Boehner’s spokesman, Michael Steel, rejected the premise that the speaker’s economic analysis was incorrect, saying in an e-mail that “reality” doesn’t support the criticism.

Boehner’s statement in his Wall Street speech that government spending “is crowding out private investment and threatening the availability of capital” runs counter to the behavior of credit markets.

Loves it. Read the rest at

Oil CEOs testify before Senate Finance Committee

May 12, 2011 1:34 PM

Some sharp words exchanged here. Apparently Conoco put out a statement saying the removal of oil subsidies is “un-American.”

Schumer and Menendez asked the CEO to apologize but he refused to do so.

Lots of CAP research cited by Dems and serious spin by R’s. I almost feel bad for the CEOs – all of their Republican defenders are leaving for a deficit reduction meeting at the White House. Coincidence? Perhaps.

Rockefeller said that the CEOs are out of touch because they can’t identify with the average person at the pump (Said the pot!). Besides Schumer’s well-rehearsed populist outrage, I think the discussion is getting too wonky and the CEOs are winning by throwing out confusing numbers.

Regulatory capture: FCC Commissioner joins Comcast-NBC

May 11, 2011 11:39 PM

No matter how strongly I feel about an issue, I try to keep my discussions civil. Things like this really strain the standards of common decency.

Regulators are tasked to serve the public interest, but for Atwell to play a major role in approving the Comcast/NBC merger and then accept a fat paycheck from them months afterward is absurd. The American people have forgotten the meaning of “conflict of interest” and regulatory capture rules the day.

I really hope people get worked up about this.

F.C.C. Commissioner Leaving to Join Comcast

8:02 p.m. | Updated WASHINGTON — Four months after the Federal Communications Commission approved a hotly contested merger of Comcast and NBC Universal, one of the commissioners who voted for the deal said on Wednesday that she would soon join Comcast’s Washington lobbying office.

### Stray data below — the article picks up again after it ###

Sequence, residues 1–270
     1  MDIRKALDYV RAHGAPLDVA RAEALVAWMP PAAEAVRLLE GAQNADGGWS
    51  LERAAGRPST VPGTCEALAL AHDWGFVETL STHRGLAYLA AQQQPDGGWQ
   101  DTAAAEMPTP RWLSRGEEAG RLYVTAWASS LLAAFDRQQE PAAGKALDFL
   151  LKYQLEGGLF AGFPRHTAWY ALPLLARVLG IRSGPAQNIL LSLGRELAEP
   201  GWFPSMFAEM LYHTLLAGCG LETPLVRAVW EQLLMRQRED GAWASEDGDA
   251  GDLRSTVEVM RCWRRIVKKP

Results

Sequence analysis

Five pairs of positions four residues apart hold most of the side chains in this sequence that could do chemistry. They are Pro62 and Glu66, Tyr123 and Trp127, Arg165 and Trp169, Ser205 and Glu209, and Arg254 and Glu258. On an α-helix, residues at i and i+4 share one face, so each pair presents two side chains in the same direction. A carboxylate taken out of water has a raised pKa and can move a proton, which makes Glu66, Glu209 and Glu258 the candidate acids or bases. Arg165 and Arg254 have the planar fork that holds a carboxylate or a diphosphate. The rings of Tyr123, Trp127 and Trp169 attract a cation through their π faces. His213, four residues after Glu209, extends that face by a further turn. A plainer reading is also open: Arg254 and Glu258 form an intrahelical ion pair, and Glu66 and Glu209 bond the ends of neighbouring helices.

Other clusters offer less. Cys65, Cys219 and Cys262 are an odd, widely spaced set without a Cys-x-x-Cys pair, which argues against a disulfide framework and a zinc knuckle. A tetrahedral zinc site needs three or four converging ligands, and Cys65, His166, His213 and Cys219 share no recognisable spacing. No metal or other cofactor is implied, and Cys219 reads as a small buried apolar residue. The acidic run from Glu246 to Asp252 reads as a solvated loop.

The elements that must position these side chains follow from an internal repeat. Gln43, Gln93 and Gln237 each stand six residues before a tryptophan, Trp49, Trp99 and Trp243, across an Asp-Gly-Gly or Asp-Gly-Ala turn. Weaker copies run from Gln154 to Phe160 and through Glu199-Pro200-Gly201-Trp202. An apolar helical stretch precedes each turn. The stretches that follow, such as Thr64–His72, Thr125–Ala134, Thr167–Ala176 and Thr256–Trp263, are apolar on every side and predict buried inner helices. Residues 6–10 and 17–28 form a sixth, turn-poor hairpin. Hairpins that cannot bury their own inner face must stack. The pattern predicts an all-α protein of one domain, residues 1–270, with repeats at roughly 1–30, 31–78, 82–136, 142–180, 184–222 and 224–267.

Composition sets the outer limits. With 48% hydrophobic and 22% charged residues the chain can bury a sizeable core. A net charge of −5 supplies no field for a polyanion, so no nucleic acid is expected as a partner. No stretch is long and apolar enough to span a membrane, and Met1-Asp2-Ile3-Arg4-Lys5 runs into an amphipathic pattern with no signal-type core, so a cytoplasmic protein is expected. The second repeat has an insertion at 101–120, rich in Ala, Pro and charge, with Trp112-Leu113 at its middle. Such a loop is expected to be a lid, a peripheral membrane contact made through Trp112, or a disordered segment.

Meredith Attwell Baker, a former Commerce Department official who worked on telecommunications issues in George W. Bush’s administration, announced that she would leave the F.C.C. when her term expires at the end of June. At Comcast, she will serve as senior vice president for government affairs for NBC Universal, which Comcast acquired in January.

The announcement drew immediate criticism from some groups that had opposed the Comcast-NBC merger. They said the move was indicative of an ethically questionable revolving door between regulatory agencies and the companies they oversee.

The revolving door between government and the lobbyists who seek to influence public policy and legislation on behalf of companies or other organizations was a target of reform by President Obama even before he took office. During the 2008 campaign, he vowed to “close the revolving door” and “clean up both ends of Pennsylvania Avenue” with “the most sweeping ethics reform in history.”